MEPS 284:117-131 (2004)  -  doi:10.3354/meps284117

Emergence stress and morphological constraints affect the species distribution and growth of subtropical intertidal seagrasses

Yoshiyuki Tanaka1,*, Masahiro Nakaoka2

1Ocean Research Institute, University of Tokyo, Minamidai 1-15-1, Nakano, Tokyo 164-8639, Japan 2Graduate School of Science and Technology, Chiba University, Yayoi-cho 1-33, Inage, Chiba 263-8522, Japan

ABSTRACT: The effects of emergence stress and morphological constraints on the distribution and growth of 3 subtropical seagrass species, Cymodocea rotundata, C. serrulata and Thalassia hemprichii, were examined in a series of transplantation experiments and a laboratory desiccation experiment. C. rotundata and T. hemprichii occur in both the intertidal and subtidal zones off Ishigaki Island, southwest Japan, whereas C. serrulata is found only in the subtidal zone. Within the same species, intertidal shoots for both C. robundata and T. hemprichii are significantly smaller than subtidal shoots. A subtidal-to-intertidal transplantation experiment was conducted on 3 occasions: July and September 2001 and January 2002. In July and September, when the intertidal sites were exposed to air for a shorter period, shoot densities of the transplanted 3 species did not decrease. In contrast, the shoot densities of all 3 transplanted species decreased significantly in February, when the exposure to air was longer. The survival of C. serrulata (2% of the initial density) was much lower than that of C. rotundata (48%) and T. hemprichii (48%). In subtidal-to-intertidal transplants, the size of C. rotundata and T. hemprichii leaves decreased, approaching that of intertidal shoots, indicating high morphological plasticity. In situ observations revealed that transplanted seagrasses with large leaves were exposed to air for longer than were intertidal controls. In the desiccation experiment, T. hemprichii leaves had higher water contents than those of C. rotundata and C. serrulata. The morphological traits of C. rotundata and T. hemprichii and their ability to change shoot size appear to be related to the better survival of these species in the intertidal area as compared to C. serrulata. This is consistent with the observed variation in the species distribution in the intertidal zone.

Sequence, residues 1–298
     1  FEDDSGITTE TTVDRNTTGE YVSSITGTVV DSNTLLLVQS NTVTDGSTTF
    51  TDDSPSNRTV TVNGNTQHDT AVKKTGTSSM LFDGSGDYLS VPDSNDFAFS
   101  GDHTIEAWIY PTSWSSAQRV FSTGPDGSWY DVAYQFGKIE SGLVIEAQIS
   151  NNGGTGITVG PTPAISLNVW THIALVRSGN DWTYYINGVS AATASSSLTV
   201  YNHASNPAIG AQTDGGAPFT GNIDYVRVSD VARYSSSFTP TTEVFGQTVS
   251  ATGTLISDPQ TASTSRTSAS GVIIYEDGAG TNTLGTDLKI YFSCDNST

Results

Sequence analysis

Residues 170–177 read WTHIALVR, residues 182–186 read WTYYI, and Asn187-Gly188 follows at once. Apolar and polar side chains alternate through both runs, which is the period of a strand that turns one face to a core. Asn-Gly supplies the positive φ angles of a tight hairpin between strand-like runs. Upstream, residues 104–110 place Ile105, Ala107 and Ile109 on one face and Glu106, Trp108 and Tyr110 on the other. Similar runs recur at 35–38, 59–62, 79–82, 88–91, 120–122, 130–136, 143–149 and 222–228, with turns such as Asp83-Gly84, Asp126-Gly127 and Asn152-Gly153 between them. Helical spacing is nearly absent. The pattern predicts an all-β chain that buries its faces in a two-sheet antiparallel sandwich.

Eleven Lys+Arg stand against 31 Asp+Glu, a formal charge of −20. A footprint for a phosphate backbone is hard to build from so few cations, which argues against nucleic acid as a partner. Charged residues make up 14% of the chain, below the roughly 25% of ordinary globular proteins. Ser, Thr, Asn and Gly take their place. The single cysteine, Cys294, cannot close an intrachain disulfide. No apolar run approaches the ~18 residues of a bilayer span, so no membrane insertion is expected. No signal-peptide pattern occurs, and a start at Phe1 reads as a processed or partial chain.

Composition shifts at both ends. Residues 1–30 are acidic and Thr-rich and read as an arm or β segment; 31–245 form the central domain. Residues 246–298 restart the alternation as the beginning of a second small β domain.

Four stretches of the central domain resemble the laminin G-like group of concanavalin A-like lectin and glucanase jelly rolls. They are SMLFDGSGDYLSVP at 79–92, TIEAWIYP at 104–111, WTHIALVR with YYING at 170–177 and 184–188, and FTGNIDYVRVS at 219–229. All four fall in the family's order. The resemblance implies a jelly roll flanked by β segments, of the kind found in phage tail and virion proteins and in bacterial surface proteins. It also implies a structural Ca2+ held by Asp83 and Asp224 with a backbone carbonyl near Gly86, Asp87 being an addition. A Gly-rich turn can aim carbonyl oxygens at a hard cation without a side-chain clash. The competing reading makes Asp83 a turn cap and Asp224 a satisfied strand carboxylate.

KEY WORDS: Seagrass · Emergence · Desiccation · Morphological plasticity · Transplantation · Ishigaki Island

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